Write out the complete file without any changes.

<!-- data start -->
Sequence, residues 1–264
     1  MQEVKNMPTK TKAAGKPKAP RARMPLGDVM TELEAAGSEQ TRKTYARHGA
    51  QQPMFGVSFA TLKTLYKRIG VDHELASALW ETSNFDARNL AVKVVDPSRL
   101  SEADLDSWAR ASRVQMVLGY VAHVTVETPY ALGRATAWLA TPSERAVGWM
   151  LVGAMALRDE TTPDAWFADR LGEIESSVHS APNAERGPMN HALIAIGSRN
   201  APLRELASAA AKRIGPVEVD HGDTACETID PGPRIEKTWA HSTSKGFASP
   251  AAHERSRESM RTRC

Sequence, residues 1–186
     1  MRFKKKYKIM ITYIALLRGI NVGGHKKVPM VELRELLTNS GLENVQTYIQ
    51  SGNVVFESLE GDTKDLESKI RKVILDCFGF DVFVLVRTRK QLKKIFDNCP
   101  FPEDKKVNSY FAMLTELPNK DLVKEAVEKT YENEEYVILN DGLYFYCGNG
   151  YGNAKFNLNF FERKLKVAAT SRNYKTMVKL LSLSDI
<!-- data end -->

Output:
Sequence, residues 1–264
     1  MQEVKNMPTK TKAAGKPKAP RARMPLGDVM TELEAAGSEQ TRKTYARHGA
    51  QQPMFGVSFA TLKTLYKRIG VDHELASALW ETSNFDARNL AVKVVDPSRL
   101  SEADLDSWAR ASRVQMVLGY VAHVTVETPY ALGRATAWLA TPSERAVGWM
   151  LVGAMALRDE TTPDAWFADR LGEIESSVHS APNAERGPMN HALIAIGSRN
   201  APLRELASAA AKRIGPVEVD HGDTACETID PGPRIEKTWA HSTSKGFASP
   251  AAHERSRESM RTRC

Sequence, residues 1–186
     1  MRFKKKYKIM ITYIALLRGI NVGGHKKVPM VELRELLTNS GLENVQTYIQ
    51  SGNVVFESLE GDTKDLESKI RKVILDCFGF DVFVLVRTRK QLKKIFDNCP
   101  FPEDKKVNSY FAMLTELPNK DLVKEAVEKT YENEEYVILN DGLYFYCGNG
   151  YGNAKFNLNF FERKLKVAAT SRNYKTMVKL LSLSDI